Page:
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Canada police arrest priest for Indigenous school assaults

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Police announced Friday the arrest of a Catholic priest for allegedly sexually assaulting an Indigenous student five decades ago, marking the first recent charges in relation to Canada's historical residential schools scandal.

Retired Father Arthur Masse, 92, has been charged with indecent assault and released with conditions. He is to appear in court on July 20.

Indigenous leaders have called for prosecutions of former teachers and headmasters at these schools following the shocking discoveries of more than 1,300 unmarked graves at the sites last year that brought to light a dark chapter in Canada's colonial history.

Some 150,000 Indigenous, Metis and Inuit children were forcibly enrolled from the late 1800s to the 1990s in 139 residential schools across Canada, spending months or years isolated from their families, language and culture.

Many of the children were physically and sexually abused, and thousands are believed to have died of disease, malnutrition or neglect.

The victim in this case was 10 years old when the alleged abuses began at Fort Alexander residential school in Manitoba, between 1968 and 1970.

"The victim in this case has endured a lot throughout the investigative process and has stood firm in speaking out about what happened to her," Royal Canadian Mounted Police Sergeant Paul Manaigre told a news conference.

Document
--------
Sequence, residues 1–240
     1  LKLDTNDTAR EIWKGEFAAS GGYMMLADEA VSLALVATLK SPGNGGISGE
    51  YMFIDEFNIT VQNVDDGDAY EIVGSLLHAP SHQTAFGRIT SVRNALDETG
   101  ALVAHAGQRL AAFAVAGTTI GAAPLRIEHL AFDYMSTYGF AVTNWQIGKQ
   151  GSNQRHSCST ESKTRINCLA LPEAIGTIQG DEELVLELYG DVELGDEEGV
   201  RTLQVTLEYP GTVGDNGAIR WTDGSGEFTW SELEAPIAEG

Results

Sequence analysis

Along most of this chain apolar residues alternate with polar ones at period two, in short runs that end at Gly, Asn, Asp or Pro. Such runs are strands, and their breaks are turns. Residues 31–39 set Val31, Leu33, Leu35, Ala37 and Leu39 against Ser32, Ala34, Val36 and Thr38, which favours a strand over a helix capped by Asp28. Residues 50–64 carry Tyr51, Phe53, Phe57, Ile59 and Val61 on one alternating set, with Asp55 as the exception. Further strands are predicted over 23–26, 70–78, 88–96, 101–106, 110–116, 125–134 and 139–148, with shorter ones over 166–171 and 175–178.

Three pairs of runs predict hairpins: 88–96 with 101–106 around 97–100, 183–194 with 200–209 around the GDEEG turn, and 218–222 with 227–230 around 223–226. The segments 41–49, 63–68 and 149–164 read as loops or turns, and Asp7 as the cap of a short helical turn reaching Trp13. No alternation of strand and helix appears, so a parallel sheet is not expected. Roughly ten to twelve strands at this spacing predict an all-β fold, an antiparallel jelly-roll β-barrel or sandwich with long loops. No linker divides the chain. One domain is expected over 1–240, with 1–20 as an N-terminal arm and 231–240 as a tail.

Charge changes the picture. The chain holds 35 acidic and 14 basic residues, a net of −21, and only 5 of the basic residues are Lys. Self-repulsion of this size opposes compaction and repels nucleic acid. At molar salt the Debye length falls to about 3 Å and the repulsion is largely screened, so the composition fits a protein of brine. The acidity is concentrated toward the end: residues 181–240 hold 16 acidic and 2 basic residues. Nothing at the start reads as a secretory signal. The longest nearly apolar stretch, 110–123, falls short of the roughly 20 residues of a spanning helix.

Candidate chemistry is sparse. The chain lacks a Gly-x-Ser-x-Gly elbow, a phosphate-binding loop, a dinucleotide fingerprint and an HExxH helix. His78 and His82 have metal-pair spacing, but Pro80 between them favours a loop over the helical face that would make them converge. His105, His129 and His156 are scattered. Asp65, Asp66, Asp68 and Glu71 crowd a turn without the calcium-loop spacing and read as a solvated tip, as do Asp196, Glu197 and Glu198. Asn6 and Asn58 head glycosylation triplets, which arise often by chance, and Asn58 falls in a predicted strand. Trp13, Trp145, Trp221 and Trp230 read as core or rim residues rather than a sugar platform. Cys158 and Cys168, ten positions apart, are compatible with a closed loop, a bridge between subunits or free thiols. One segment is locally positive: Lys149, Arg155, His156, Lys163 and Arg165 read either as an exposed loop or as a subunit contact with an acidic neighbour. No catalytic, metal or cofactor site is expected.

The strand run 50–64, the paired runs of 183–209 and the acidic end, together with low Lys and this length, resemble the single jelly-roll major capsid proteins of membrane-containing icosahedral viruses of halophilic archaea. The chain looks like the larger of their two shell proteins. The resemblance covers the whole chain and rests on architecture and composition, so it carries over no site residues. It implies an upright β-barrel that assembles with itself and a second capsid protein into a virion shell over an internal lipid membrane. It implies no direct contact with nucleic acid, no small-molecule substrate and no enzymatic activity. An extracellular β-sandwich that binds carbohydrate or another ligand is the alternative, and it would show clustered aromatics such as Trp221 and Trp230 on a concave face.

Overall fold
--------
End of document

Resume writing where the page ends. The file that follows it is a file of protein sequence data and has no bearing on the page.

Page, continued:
"The most important thing to her, today, is she was heard," he said.

Manaigre noted that 80 officers were involved in the investigation that included archival research, and it expanded over a decade to include 75 more possible victims and witnesses.

But the rest did not wish to be involved in the probe, or there wasn't enough evidence half a century later to corroborate their claims, or they are now deceased.

"This is a traumatizing experience. Some of them don't want to relive it. We understand," Manaigre commented, holding out the possibility that more victims will now come forward.

"At this time, this is the only investigation undertaken (in Manitoba) regarding residential schools and this is the only charge," he said, adding that there is no time limit for reporting sexual assaults in Canada.

To date, no other residential schools criminal investigations have been publicly announced elsewhere in Canada.

Pope Francis, when he visits Canada in July, is expected to present apologies for a century of abuses at the residential schools run by the Catholic Church on behalf of the government.

A truth and reconciliation commission concluded in 2015 that the failed government policy of assimilation amounted to "cultural genocide."

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